What do you think aliens really are? Are they big and scary? Are they more advanced than us? Are they violent and ready to wage war? How about political asylum seekers on good old Mother-Earth? Well, that’s the point of departure for Neill Blomkamp‘s 2009 movie called “District 9”.
The story begins in March 1982 when a news report shows the presence of a giant alien base-like aircraft hovering over the city of Johannesburg, South Africa. People are interviewed on the streets, yet nobody seems to be in a state of shock. They are somewhat relaxed, because the space vehicle has been there for a month. When authorities finally manage to enter the vessel, they find thousands of malnourished biped aliens, of a human-cockroach like crossbreed. The authorities then decide to house the aliens inside a military guarded camp, called District 9.
Twenty Eight years later, the alien population has reached 1.8 million members. District 9 is overpopulated and the citizens are fed-up with the way these creatures are taking away the tax-payer’s money. To solve this problem, the aliens are to be moved inside a new camp, far away from Johannesburg, called District 10. The movie tries to set itself apart from other alien productions by taking the form of a real life documentary. Wikus Van De Merwe (Sharlto Copey) is one of the people responsible with the relocation of these space creatures. He must convince them to sign transfer papers. This is quite strange, because aliens don’t speak English nor do the earthlings speak the grunts and various strange sounds that the aliens communicate in. But everybody seems to understand everybody, at least at a very simple and basic level. Probably the fact that almost three decades have passed since the aliens were rescued from their ship means that some form of mutual comprehension exists.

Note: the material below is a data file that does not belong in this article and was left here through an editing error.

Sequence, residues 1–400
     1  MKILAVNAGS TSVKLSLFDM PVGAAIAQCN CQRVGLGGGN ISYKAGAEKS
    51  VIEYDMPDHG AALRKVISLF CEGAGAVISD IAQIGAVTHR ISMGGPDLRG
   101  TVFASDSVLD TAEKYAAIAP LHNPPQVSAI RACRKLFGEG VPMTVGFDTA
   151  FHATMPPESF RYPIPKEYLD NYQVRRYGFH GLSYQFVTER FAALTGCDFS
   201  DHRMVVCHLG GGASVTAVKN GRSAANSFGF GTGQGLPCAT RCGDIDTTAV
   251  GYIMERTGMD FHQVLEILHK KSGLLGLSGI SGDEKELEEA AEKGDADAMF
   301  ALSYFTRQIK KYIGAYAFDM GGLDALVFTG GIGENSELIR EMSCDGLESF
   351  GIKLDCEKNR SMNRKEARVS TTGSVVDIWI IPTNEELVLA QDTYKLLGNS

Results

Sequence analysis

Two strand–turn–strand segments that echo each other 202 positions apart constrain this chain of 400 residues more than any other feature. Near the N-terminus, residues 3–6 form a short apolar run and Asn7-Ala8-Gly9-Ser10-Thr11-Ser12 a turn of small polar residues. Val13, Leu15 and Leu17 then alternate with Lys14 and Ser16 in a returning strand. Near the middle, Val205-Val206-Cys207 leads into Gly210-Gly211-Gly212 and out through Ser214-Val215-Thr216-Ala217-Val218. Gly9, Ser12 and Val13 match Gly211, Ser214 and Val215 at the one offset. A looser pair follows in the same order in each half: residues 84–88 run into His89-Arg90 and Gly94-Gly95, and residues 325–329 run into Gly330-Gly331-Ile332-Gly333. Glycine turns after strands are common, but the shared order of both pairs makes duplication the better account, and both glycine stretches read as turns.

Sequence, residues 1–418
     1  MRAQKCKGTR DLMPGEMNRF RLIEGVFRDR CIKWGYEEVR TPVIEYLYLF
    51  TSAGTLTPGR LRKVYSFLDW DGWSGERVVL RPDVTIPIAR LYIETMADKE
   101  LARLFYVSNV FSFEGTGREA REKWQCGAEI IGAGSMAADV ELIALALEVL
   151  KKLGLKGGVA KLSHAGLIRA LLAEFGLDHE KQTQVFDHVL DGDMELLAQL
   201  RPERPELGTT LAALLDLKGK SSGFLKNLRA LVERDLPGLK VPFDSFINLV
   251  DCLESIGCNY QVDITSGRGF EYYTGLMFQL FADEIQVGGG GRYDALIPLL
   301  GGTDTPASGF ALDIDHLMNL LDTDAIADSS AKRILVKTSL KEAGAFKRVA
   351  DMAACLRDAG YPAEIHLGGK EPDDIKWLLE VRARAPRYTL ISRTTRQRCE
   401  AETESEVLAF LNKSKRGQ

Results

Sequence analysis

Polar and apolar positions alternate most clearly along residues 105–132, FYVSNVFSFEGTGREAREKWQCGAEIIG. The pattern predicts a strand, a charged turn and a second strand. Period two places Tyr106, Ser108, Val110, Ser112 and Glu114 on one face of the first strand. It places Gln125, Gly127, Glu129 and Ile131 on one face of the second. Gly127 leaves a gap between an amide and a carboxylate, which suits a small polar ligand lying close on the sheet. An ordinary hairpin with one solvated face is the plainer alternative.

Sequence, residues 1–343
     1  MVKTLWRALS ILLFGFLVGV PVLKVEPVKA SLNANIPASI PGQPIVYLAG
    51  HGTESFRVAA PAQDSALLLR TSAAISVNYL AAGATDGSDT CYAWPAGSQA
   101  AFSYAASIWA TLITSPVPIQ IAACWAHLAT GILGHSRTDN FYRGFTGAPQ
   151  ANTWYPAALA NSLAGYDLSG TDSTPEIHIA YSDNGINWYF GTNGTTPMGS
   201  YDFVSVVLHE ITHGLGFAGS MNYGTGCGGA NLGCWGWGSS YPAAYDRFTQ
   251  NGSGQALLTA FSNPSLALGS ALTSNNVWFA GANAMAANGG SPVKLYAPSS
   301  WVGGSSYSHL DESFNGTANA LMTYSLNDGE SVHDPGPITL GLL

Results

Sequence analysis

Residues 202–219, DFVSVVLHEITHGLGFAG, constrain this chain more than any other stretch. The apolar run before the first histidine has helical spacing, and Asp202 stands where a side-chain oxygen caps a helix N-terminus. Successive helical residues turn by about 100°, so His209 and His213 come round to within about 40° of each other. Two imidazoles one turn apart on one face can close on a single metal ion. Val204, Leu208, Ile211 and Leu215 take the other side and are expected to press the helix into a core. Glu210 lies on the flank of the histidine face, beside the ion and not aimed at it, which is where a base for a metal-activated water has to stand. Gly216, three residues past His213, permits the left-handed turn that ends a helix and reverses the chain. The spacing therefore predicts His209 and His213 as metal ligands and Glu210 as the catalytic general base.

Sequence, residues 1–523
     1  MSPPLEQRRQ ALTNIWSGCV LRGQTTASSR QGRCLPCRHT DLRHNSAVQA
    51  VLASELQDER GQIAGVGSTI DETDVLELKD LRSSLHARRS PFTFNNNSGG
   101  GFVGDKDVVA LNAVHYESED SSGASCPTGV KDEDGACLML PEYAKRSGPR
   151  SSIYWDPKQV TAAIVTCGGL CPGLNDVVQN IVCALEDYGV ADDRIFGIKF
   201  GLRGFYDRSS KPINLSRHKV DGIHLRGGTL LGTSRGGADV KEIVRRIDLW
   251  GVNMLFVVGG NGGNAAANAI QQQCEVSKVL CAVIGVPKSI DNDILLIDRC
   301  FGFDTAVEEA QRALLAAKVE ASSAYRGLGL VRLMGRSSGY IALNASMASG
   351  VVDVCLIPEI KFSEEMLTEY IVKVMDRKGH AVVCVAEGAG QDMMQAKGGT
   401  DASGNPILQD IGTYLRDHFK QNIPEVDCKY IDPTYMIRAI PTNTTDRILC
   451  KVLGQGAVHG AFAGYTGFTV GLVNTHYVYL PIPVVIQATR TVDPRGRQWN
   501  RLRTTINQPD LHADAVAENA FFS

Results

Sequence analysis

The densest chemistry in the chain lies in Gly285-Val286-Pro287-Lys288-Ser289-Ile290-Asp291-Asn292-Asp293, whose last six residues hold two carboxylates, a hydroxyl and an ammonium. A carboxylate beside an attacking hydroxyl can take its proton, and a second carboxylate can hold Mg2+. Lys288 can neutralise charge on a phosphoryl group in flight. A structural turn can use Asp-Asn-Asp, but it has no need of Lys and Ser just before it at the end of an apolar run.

District 9 is a place where garbage, make-shift homes, pollution and overpopulation are more visible than anything. It is a vivid reminder of African slums. The black market is also present, aliens buying or exchanging technology for morbidly overpriced cat food, something that these creatures have come to love. The story is presented from the point of view of Wikus. He travels through the camp and befriends one of the aliens, who he tries to help escape on the space-craft, still hovering over Johannesburg. The alien will have to help Wikus as well, because he has been exposed to an experimental gas.
This isn’t your typical bad alien/ horrible creature/ horror show/ Gigger kind of movie. The aliens are the ones who are being persecuted, instead of humans. This is, as I said, filmed in a documentary form, which gives it authenticity. It’s packed full of action, drama and perhaps humor, if you take a look at the goofy-looking space creatures. I recommend “District 9” to anyone interested in alien movies and also those who what to take a look at something different. And if this whole thing doesn’t convince you, the movie has an 8.1 score on IMDb…
***OPENING IMAGE SOURCE <<HERE>>